Monday , 17 June 2024

Basic Information on Madras Eye

Muneer S, Ruksana H, Dr Hindustan Abdul Ahad, Anil Kumar K
Balaji College of Pharmacy, Anantapur, AP, India

Synonyms: Conjunctivitis, Pink Eye
Conjunctivitis (commonly called “pinkeye” in the USA and “Madras Eye” in India) is an inflammation of the conjunctiva (the outermost layer of the eye and the inner surface of the eyelids), often due to infection. The causative organism for this is adenoviruses.
Key words: Conjunctivitis, redness of eye, burning.
There are three common varieties of conjunctivitis, viral, bacterial and allergic. Other causes of conjunctivitis include thermal and ultraviolet burns, chemicals, toxins, overuse of contact lenses, foreign bodies, vitamin deficiency, dry eye, and dryness due to inadequate lid closure. Viral conjunctivitis is spread by aerosol or contact of a variety of contagious viruses, including many that cause the common cold, so that it is often associated with upper respiratory tract symptoms. Bacterial conjunctivitis is most often caused by pyogenic bacteria such as Staphylococcus or Streptococcus from the patient’s own skin or respiratory flora. Others are due to infection from the environment (e.g., insect-borne), from other people (usually by touch – especially in children), but occasionally via eye makeup or facial lotions. E.g., Haemophilus influenzae biogroup aegyptius. Allergic conjunctivitis occurs more frequently among those with allergic conditions, with the symptoms having a seasonal correlation. It can also be caused by allergies to substances such as cosmetics, perfume, protein deposits on contact lenses, or drugs.
Eyes with conjunctivitis get redness, irritation and watering. Viral conjunctivitis is often associated with an infection of the upper respiratory tract, a common cold or a sore throat. Its symptoms include watery discharge and variable itch. The infection usually begins with one eye, but may spread easily to the fellow eye. Bacterial conjunctivitis is characterized by marked grittiness/irritation and a stringy, opaque, grey or yellowish mucopurulent discharge that may cause the lids to stick together, especially after sleeping. This is the only group in which severe pain may occur. Acute allergic conjunctivitis is typically itchy with mild swelling. Chronic allergy often causes just itch or irritation and often much frustration because the absence of redness or discharge can lead to accusations of hypochondria.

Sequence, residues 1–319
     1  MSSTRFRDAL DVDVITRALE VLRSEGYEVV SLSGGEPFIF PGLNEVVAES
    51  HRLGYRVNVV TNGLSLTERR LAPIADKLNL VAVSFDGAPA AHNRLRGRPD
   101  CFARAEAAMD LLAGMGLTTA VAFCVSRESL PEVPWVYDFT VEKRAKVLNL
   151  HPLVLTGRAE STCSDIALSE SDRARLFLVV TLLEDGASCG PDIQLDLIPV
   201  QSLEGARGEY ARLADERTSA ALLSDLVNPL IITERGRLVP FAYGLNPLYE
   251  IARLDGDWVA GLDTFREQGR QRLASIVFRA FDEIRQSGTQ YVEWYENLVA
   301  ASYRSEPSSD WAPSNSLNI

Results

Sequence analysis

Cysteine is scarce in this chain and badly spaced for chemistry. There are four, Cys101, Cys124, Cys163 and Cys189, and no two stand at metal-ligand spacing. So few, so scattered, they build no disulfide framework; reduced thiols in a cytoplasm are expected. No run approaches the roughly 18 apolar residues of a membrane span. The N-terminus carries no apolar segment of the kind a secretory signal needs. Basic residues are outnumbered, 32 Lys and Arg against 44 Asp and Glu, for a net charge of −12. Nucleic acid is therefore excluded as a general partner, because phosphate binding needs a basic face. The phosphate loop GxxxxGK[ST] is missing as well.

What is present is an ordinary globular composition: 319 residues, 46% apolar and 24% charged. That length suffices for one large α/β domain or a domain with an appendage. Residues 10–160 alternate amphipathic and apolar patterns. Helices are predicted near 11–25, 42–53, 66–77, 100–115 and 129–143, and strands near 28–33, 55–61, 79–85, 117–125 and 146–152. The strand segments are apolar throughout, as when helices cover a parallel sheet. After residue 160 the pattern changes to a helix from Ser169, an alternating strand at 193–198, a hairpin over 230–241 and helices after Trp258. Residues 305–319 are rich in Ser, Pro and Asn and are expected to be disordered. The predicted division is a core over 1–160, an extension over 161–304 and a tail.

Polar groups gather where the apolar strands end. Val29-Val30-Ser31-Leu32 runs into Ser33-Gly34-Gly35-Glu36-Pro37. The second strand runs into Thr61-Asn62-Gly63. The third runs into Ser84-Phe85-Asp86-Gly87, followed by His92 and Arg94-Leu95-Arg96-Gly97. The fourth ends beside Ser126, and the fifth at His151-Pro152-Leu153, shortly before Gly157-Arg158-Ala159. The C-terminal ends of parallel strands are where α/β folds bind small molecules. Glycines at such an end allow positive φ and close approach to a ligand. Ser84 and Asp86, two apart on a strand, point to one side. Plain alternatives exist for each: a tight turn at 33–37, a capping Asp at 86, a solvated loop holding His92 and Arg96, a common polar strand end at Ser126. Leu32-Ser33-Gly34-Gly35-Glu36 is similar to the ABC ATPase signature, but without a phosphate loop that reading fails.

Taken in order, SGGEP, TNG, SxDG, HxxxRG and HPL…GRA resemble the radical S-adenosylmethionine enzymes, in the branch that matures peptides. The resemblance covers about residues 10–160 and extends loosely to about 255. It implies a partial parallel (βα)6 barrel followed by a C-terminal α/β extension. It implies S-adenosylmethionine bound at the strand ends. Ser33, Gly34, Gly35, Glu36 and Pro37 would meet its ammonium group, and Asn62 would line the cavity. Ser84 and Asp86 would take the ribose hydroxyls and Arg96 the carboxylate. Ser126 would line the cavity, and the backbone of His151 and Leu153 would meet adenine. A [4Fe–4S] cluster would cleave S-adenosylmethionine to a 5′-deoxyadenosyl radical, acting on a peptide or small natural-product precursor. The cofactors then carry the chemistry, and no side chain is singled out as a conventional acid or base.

Treatment and management
For the allergic type, cool compresses and artificial tears sometimes relieve discomfort in mild cases. In more severe cases, NSAIDs and antihistamines may be used. Bacterial conjunctivitis is usually treated with antibiotic eye drops. Although there is no cure for viral conjunctivitis, symptomatic relief may be achieved with cool compresses and artificial tears. For the worst cases, topical steroid drops may be prescribed to reduce the discomfort from inflammation. Patients are often advised to avoid touching their eyes or sharing towels and washcloths. Viral conjunctivitis usually resolves within 3 weeks. Conjunctivitis due to burns, toxic and chemical require careful wash-out with saline, especially beneath the lids and may require topical steroids.
Do not use towel/kerchief anything that would have touched by the patients. Wash hands well preferably with a disinfectant. Using glasses does not help. Looking at a person with conjunctivitis or vice versa does not transmit the disease.

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